By Olexiy Solohubenko
Europe editor, BBC World Service
Leonid Kravchuk ran for president in 1991 and 1994
As the 1989 revolution swept through the countries of Central Europe, tremors went right across the Soviet Union.
At that time, in the Baltic states as well as in Ukraine, the prospects of independence suddenly looked very real.
In a richly decorated office in central Kiev, Leonid Kravchuk is happy to talk about 1989. Then a senior functionary of the Ukrainian Communist Party, he says it was totally unprepared for grassroots protests.
"We were in a full session of the Central Committee one day," he tells the BBC, "when someone ran up and said, 'There are two women with a placard outside!' My God, we stopped the session and I was sent down to investigate.
"It turned out they wanted money for a rail ticket," he laughs. "And so had decided to attract attention in this manner. I gave them 40 roubles, but the whole Central Committee was spooked by two women with one placard. There was fear because no-one ever stood against the Party."
It was the time of glasnost, of openness in the media which the then Soviet President Mikhail Gorbachev introduced. Poet Ivan Drach took it very seriously.
He says he knows exactly how many people could fit into the hall at the Writers' Union headquarters in the leafy part of Kiev: 167.
"When we spoke here about the need for change, the hall was always full," Drach says. "And soon we needed bigger halls, but they were also not large enough."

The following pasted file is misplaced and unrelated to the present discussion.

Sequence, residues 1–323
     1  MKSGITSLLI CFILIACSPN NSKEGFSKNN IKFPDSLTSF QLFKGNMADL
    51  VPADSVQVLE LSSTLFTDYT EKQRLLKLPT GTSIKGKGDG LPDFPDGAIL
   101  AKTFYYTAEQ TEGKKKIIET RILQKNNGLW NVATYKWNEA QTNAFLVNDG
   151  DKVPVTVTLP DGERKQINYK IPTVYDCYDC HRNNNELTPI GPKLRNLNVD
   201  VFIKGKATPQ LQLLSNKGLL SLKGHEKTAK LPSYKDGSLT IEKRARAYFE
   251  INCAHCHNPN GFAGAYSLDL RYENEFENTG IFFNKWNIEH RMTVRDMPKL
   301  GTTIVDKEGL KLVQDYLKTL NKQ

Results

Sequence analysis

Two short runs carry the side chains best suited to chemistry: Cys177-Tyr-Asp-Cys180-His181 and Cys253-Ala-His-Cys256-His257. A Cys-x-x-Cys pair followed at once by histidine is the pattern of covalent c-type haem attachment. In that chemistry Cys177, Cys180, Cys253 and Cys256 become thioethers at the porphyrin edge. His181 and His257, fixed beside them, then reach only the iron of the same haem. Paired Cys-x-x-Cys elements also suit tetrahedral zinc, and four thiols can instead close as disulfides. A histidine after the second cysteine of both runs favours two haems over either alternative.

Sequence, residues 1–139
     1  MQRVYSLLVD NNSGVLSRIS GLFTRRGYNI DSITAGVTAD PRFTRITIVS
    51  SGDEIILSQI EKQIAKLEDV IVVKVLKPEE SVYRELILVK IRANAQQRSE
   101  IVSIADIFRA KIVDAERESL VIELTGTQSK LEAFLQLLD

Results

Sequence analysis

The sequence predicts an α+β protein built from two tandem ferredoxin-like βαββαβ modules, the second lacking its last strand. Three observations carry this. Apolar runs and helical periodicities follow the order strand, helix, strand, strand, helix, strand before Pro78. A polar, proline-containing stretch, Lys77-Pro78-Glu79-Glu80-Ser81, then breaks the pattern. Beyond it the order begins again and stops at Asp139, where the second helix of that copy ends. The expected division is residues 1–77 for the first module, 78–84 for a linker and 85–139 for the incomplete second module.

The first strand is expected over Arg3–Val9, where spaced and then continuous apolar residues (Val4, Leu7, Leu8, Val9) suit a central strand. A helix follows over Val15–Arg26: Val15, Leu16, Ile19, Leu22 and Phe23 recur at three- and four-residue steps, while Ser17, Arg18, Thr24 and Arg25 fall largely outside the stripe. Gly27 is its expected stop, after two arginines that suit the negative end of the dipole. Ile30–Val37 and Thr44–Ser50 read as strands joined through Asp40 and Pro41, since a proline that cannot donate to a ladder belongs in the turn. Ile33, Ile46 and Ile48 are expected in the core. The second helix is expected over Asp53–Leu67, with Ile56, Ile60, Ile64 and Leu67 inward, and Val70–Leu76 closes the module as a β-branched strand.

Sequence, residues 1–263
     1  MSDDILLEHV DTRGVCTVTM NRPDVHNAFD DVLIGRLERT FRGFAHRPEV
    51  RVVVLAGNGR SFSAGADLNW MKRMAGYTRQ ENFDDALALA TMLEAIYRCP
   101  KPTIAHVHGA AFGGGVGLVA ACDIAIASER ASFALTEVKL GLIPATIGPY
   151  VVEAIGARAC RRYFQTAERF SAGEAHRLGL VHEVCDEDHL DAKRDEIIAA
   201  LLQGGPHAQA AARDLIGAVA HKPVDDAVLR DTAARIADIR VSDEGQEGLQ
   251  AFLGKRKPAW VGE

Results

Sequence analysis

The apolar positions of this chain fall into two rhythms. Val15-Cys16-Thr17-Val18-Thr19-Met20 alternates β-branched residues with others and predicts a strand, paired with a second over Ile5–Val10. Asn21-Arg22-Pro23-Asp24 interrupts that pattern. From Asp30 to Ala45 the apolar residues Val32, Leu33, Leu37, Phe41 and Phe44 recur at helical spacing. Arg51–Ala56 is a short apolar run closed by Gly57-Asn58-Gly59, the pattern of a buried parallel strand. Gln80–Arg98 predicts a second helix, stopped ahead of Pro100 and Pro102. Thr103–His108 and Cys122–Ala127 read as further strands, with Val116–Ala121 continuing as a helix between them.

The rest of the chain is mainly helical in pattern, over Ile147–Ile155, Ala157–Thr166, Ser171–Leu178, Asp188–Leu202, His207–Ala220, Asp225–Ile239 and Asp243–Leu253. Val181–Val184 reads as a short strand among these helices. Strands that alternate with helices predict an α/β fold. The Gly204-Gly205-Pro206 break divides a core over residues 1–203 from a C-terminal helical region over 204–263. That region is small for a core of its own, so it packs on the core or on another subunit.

No easy ride
So in smoky rooms, writers like Drach decided the time was right for bigger things - and they founded Rukh, or "Movement" in Ukrainian.
At first Rukh's aims were to support Gorbachev's reforms against the die-hard regional party elites, but very quickly it became clear that the authorities in Moscow were neither controlling the situation nor capable of grasping what they had unleashed.
Ivan Drach was one of the dissidents who founded Rukh in 1989
"Gorbachev decided to let a little bit of genie out of the bottle," laughs Ivan Drach. "But you cannot let out just a little bit. It is just like toothpaste - once you squeeze it out, you cannot put it back into the tube."
What had started as a loyal grassroots group in time evolved into a political movement demanding full independence. This frightened quite a few people, even those who had opposed the Soviet regime for years.
Semyon Gluzman spent 10 years in gulag camps and exile for exposing the abuses of Soviet psychiatry. In his tiny office at Kiev's main psychiatric hospital with all kinds of awards and accolades displayed on the walls, he says he had genuine fears.
"I will be honest, I thought this country could be more repressive, more anti-Semitic and the party machine here could create its own independent fiefdom and run it the way they wanted. I am glad I was wrong, and Ukraine is more democratic and freer than I thought it would be."
Yet, independence was not an easy ride. The communist authorities wanted to keep power, by force if necessary.
Threats and intimidation were nothing unusual. "I could write a book about them," says Ivan Drach. "And the threats were really nasty. As soon as I spoke sharply about the need to break away from Moscow, my son was badly beaten."
Kravchuk, Shushkevich and Yeltsin discussed the end of the Soviet Union
Even high rank did not provide immunity. Leonid Kravchuk, later elected the first president of independent Ukraine, tells of his and Boris Yeltsin's escape from a hunting lodge in Belarus in December 1991, where they discussed the break up of the Soviet Union with their Belarussian host Stanislav Shushkevich.